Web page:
o, maybe Death is not like closing a door and never being able to open it again. Maybe Death is only a place where a person, and his or her Soul, live on forever in other people's hearts. Like your friend's Grandpa, who your friend ...
Author: Etan Boritzer
Publisher: Veronica Lane Books
Category: Juvenile Nonfiction
What is Death? is the 3rd title in Etan Boritzer’s best selling What is? series of Life Concepts books on character education and social issues. What is Death? addresses children’s natural curiosity about this difficult subject. Introducing the concept of death with examples of customs and beliefs from different religions and cultures, the book also allows the reader to reflect on themes of tolerance, identity and generosity. Reality-based and using a gentle and comforting tone, What Is Death? takes an honest approach and encourages children to embrace the positive in life. In its 5th edition, this book has become a standard part of many grief and loss therapist’s professional resources.
When we have accepted that death corresponds to a spiritual rebirth, the best attitude to take vis-à- vis those who are dying or who have just died, is to accompany them in the most positive manner possible. Grief Any person who loses a ...
Author: Serge Toussaint
Publisher: Diffusion rosicrucienne
Category: Body, Mind & Spirit
Of all the mysteries that humankind has been confronted with since its appearance on Earth, death is probably the one that gives rise to the most questions as well as the most hypotheses. This is because it forms part of the unknown and, on the face of it, the unknowable. It is also because it corresponds to an end date that no-one can escape and that therefore concerns every one of us. What is death? What constitutes the beyond? Can one contact the deceased? How can one help the dying? Burial or cremation? Resurrection or reincarnation? How can one grieve? These are some of the questions that Serge Toussaint, the Grand Master of the French-speaking jurisdiction of the Ancient Mystical Order Rosae Crucis, provides answers to in this opusculum.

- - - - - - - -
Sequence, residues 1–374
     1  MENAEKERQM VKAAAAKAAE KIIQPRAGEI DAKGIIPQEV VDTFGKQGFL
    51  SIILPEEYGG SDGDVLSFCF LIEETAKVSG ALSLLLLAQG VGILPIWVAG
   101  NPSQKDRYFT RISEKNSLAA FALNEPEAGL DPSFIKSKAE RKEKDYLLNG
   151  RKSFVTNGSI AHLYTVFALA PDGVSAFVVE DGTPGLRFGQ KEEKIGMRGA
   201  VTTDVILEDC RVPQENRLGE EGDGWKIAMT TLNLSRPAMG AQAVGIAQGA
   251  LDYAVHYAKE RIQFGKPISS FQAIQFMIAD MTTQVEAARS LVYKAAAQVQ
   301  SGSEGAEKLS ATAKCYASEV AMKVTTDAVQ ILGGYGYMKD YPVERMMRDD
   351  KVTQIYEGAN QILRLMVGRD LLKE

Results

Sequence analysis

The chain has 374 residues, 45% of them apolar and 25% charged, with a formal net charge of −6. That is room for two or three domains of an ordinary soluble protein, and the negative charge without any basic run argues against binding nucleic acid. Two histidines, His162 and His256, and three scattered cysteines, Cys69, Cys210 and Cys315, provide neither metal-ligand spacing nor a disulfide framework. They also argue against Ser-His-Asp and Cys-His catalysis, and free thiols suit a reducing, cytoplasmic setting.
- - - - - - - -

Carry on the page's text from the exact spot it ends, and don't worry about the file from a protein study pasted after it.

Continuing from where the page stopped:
"In Death and the Afterlife, philosopher Samuel Scheffler poses this thought experiment in order to show that the continued life of the human race after our deaths--the "afterlife" of the title--matters to us to an astonishing and ...
Author: Samuel Scheffler
Publisher: Oxford University Press
"In Death and the Afterlife, philosopher Samuel Scheffler poses this thought experiment in order to show that the continued life of the human race after our deaths--the "afterlife" of the title--matters to us to an astonishing and previously neglected degree. Scheffler shows that in certain important respects, the future existence of people who are as yet unborn matters more to us than our own continued existence and the continued existence of those we love. Without the expectation that humanity has a future, many of the things that now matter to us would cease to do so. By contrast, the prospect of our own deaths does little to undermine our confidence in the value of our activities. Despite the terror we may feel when contemplating our deaths, the prospect of humanity's imminent extinction would pose a far greater threat to our ability to lead lives of wholehearted engagement. Scheffler demonstrates that, although we are not unreasonable to fear death, personal immortality, like the imminent extinction of humanity, would also undermine our confidence in the values we hold dear. His arresting conclusion is that, in order for us to lead value-laden lives, what is necessary is that we ourselves should die and that others should live."--www.Amazon.com.
Excerpt from The Chances of Death and the Ministry of Health The present annual death rate of the United States is only per against a rate of in 1880.
Author: Frederick L. Hoffman
Publisher: Forgotten Books
Category: Social Science